• Either, incorrect or ambiguous business process definitions;
  • Or, descriptions of business processes which aren’t well optimized;

The trick here is to go deep into understanding the business, before planning the software, so that the best possible solution is developed.

So, for larger or more complicated projects what you should be looking for is a Systems Architect.

How is a Systems Architect different from a Senior developer?

Although both the Senior developer and the Systems Architect roles involve tasks of planning the design and architecture of the Information System being developed, there are some functions that the Systems Architect must be capable and should be doing in addition.

The Systems Architect must:

  • Be an expert (remember the expert definition we had before)
  • Have a broad overall life experience, giving them the ability to understand the business issues being solved;
  • Be able to quickly jump into the business area of the project and understand this in detail;
  • Come up with and suggest the best possible solutions, in conjunction with the two previous points. It is often the case that suggestions are not related only to the technical aspects, but are actually better or more efficient implementations of the business process itself;
  • Ensure the coexistence of all aspects of the project as one integrated system;
  • Be responsible for the overall quality of the system, (whereas a Senior developer is responsible only for certain tasks);
  • Understand the “Big Picture” and be able to visualize the whole system before it is built;
  • Be responsible for important decisions (ones which cannot be easily “undone”) and the overall success of the project;
  • Be able to build and unite teams and other parties involved into the project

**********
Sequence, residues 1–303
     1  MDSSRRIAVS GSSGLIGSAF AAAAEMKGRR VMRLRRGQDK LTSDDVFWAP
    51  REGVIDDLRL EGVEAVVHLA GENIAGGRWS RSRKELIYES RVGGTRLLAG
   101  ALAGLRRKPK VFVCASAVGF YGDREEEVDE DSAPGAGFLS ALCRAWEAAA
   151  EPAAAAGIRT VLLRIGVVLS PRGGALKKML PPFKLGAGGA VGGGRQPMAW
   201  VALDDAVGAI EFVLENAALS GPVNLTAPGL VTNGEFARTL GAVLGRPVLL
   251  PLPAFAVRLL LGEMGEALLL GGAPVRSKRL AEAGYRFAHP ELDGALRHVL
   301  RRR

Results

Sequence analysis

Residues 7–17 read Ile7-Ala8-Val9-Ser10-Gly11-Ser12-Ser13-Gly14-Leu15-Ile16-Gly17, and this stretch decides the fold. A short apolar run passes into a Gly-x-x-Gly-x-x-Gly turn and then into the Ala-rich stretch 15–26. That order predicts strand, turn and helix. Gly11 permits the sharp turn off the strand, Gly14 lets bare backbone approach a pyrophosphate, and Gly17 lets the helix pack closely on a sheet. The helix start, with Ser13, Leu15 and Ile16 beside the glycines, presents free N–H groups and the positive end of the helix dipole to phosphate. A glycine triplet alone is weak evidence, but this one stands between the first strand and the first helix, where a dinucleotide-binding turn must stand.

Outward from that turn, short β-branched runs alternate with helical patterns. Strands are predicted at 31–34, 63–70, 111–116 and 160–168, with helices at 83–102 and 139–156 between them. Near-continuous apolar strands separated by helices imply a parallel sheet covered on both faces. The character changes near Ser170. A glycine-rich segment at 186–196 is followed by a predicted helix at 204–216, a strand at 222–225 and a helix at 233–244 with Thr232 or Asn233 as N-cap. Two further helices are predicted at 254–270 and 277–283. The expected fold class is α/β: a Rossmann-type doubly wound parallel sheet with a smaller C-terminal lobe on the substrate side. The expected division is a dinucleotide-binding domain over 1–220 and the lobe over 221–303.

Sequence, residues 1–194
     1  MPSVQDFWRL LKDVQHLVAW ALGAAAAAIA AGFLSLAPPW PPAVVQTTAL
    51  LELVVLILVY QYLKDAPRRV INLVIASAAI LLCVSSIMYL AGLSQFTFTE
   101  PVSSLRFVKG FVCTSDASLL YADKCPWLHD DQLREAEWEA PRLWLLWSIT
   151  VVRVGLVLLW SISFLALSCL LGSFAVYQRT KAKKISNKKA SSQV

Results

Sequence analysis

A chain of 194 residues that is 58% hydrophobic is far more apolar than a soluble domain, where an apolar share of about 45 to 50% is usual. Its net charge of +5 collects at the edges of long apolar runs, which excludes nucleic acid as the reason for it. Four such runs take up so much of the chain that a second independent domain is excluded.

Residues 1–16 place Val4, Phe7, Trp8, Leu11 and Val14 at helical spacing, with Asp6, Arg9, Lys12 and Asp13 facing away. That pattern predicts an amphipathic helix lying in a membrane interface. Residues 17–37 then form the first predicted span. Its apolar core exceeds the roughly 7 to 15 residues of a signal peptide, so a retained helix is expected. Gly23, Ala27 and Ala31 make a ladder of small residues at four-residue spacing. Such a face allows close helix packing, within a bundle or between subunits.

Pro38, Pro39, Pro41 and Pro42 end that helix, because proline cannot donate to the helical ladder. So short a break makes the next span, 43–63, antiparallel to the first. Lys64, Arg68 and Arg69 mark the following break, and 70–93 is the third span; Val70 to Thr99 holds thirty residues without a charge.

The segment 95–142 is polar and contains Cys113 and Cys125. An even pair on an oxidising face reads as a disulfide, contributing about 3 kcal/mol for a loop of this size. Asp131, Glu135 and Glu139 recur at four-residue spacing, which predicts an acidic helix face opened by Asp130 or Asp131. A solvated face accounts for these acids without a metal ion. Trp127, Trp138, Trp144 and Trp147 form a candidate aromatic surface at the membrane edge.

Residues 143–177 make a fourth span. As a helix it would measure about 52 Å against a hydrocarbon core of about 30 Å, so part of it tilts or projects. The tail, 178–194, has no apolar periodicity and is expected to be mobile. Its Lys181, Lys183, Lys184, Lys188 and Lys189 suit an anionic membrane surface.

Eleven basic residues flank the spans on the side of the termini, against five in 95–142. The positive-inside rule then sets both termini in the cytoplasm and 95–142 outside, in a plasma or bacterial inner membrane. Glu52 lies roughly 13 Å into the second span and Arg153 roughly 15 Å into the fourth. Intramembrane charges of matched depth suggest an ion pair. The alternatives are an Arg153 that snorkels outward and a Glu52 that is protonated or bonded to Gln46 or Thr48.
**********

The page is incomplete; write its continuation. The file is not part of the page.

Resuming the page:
• Be able to step in when critical issues arise, suggest a working solution or fix the issues themselves;
  • Be able to develop at least the basics of system integration and performance tests;

The list could be continued; however, these are the core qualities a System Architect needs to have. In some cases, the Systems Architect may lack some of these qualities if they are provided by some other team member, such as project manager or product owner, but if you are looking for the “Universal Soldier” and “Go-to-do-any-project” guy, it is best if all of these qualities are present.

In summary

Software developers are not just clones of one particular type of person. Personal characteristics play a big part in their ability to perform one or another of the tasks required, therefore when looking for a certain type of developer(s), try not pay too much attention to overall experience in terms of years or some standard description of each role that you can find on the internet.

Instead, pay close attention to the personality, sense of responsibility and presence of the person from a professional perspective. The right assessment of these characteristics may well give you a huge benefit in the long term, whereas focusing only on technical skills may result in you acquiring a static asset who will remain static in the future.